For Peakon, a B2B tech company with locations across Europe including a fast-growing office in London, remote work wasn’t just a possibility; it was a necessity.

“I think you can have a competitive advantage if you can make remote working work for your company,” says Peakon CEO Phil Chambers.

From the early days of starting the company in 2015, Chambers realized that they would need a distributed team in order to acquire global customers. Soon, they fully embraced the distributed team life and along with their headquarters in Copenhagen, they also have locations in London, Berlin, Aukland, New York City and Raleigh.

For traditional companies, the decision to enable remote work anytime and anywhere can be hard to understand. But for Chambers and team, it was a no-brainer. They wanted to expand their reach, acquire global customers, and find the best talent to help them grow, no matter where that talent was located.

How does Peakon foster team collaboration, productivity, and employee happiness, all while growing and scaling their company? According to Patrick Cournoyer, Peakon’s Chief Operating Officer, it all comes down to the policies, practices, and tools used internally.

 

What technology is necessary?

New and improved technologies are the sole reason why full time remote work is even a possibility. More and more jobs are done entirely via the computer and internet, meaning all someone needs to do their work is a laptop and a steady wifi connection.

However, there are a number of tools that make remote work more effective and collaborative. On a day-to-day basis, many tech companies, including Peakon use Email, Slack, Phone, Video Conferencing.

For Deepa Daniels, Director of Product Management at Peakon, video conferencing takes up about 80% of her day. She works directly with a number of individuals in different offices, so meeting via video is important rather than just relying on slack.

But does video conferencing solve all communication barriers?

Not always.

 

How the Meeting Owl helps Peakon Cross Communication Barriers

For one-to-one communications, video conferencing with a typical laptop works brilliantly. But what about meetings where there are several people in different conferences rooms and remote attendees all combined?

Typically, cameras are mounted above a TV in a conference, so that remote participants can see a full view of the conference room where several team members are sitting. The more room participants there are, the less remote participants can see body language, expressions, or even tell who was in the room at once.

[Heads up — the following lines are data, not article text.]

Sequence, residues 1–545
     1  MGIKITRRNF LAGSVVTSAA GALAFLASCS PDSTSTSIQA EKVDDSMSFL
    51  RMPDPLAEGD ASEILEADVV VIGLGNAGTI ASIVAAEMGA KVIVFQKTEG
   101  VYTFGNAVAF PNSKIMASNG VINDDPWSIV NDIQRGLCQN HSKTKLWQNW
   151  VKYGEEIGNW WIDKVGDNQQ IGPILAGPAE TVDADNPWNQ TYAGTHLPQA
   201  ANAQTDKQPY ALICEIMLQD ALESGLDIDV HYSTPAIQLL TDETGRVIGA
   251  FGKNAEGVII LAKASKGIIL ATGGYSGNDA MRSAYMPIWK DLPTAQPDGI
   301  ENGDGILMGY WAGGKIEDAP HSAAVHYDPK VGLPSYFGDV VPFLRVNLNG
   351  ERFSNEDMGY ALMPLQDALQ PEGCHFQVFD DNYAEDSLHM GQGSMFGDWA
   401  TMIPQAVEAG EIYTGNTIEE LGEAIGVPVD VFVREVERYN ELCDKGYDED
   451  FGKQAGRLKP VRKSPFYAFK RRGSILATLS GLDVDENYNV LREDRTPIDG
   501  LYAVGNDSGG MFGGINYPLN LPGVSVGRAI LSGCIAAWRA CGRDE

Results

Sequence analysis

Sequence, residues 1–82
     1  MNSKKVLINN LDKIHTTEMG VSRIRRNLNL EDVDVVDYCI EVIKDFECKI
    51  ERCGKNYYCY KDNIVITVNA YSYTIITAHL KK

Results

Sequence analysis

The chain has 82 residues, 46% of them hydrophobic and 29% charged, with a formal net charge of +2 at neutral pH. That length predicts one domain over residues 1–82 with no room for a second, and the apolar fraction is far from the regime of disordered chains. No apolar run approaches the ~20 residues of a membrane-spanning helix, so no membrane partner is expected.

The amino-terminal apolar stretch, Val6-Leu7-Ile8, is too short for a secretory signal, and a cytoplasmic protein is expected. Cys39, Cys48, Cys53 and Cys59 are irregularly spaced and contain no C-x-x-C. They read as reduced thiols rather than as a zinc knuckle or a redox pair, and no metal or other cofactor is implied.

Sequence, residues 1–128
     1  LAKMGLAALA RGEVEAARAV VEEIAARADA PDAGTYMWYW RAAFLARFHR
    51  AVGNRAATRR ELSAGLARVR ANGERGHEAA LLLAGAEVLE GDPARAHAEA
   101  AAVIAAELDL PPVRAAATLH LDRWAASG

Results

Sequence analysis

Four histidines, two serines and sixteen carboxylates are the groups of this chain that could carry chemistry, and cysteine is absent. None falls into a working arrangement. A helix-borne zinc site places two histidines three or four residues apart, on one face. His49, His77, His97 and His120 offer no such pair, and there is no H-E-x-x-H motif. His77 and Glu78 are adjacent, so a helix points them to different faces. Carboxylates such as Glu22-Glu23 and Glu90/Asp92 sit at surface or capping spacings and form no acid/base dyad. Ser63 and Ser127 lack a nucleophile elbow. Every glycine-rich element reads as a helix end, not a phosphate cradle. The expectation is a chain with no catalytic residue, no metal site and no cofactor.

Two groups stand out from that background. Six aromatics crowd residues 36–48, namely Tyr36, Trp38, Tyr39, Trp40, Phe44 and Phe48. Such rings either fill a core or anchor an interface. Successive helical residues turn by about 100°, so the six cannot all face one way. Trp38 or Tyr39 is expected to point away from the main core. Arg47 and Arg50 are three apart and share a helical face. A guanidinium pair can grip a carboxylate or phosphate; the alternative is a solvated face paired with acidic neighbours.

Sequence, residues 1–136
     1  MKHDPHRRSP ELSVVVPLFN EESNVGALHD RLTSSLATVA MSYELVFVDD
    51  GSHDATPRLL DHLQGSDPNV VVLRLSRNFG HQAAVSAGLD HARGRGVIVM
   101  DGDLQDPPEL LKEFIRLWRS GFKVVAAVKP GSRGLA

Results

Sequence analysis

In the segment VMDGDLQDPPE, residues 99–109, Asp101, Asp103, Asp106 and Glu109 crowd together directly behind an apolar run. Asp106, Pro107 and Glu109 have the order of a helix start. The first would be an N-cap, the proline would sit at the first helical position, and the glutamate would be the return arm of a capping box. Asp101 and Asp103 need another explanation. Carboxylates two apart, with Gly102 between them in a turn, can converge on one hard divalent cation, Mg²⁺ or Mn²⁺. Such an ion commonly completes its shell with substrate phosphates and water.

To solve for this problem, Peakon invested in an all-in-one 360º video conferencing camera called the Meeting Owl, which has drastically improved the meeting experience for all of their employees.

The Meeting Owl allows all video conferencing participants to see a full, panoramic view of conference rooms while also auto-focusing on active speakers. Below, you can see what the Meeting Owl experience looks like.

Remote-Experience-Example (8)

The result is the closest experience to in-person meetings that you can get on a video conference. Rather than feeling like a fly-on-the wall in a team meeting, remote workers can actually pickup on all nonverbal cues going on in the conference room.

Because the Meeting Owl works using smart technology, meeting participants don’t have to worry about spending the first five minutes of every meeting working through audio or visual issues. The Meeting Owl works by plugging into a computer via USB. From there, it just works. The device sits in the middle of a conference room table and does not have to be moved throughout the meeting. Instead, it tracks where speakers are in the room and auto-focuses as different people speak.

For Peakon, the Meeting Owl has vastly improved the experience of meeting attendees like Daniels.

“It feels more natural, it feels more human. It’s nice to be able to see the room -- it feels quite connected,” says Daniels.

Additionally, the Meeting Owl has had more positive side effects at Peakon than they even expected.

According to Peakon COO Patrick Cournoyer, meetings with external vendors and partners are now more professional. In the past, if they had a camera that wasn’t working for a video conference, they’d end up with 5 people crowded around a laptop webcam. The result was an embarrassing, unprofessional-looking experience for their partner.

Cournoyer also cited that he’s witnessed an increase in communication consideration during meetings. While room participants may have previously talked over remote attendees during a video conference, the Meeting Owl has helped everyone in a meeting be more mindful of who is talking, enabling more remote workers to feel included in the conversation.

 

Key Takeaways for Other Companies to Consider

For Peakon, improving company culture is both their internal and product mission. For other companies looking to emulate their culture and practices, keep the following in mind.

 

  • Remote work can give you company a competitive advantage. Why? Because you’re not limiting yourself to the talent pool in one specific locality.
  • You can’t enable remote workers if you don’t first put trust and autonomy in your employee’s hands.
  • The right technology is the key to making remote work possible and effective. Use Slack, The Meeting Owl, syncable calendars (like Google Calendar), and video conferencing to enable effective day-to-day team communication.
  • Being in person every once in awhile is invaluable. But when you can’t all be in person, use technology to emulate a face-to-face experience. For many companies like Peakon, the Meeting Owl is key for creating effective video conferencing meetings.

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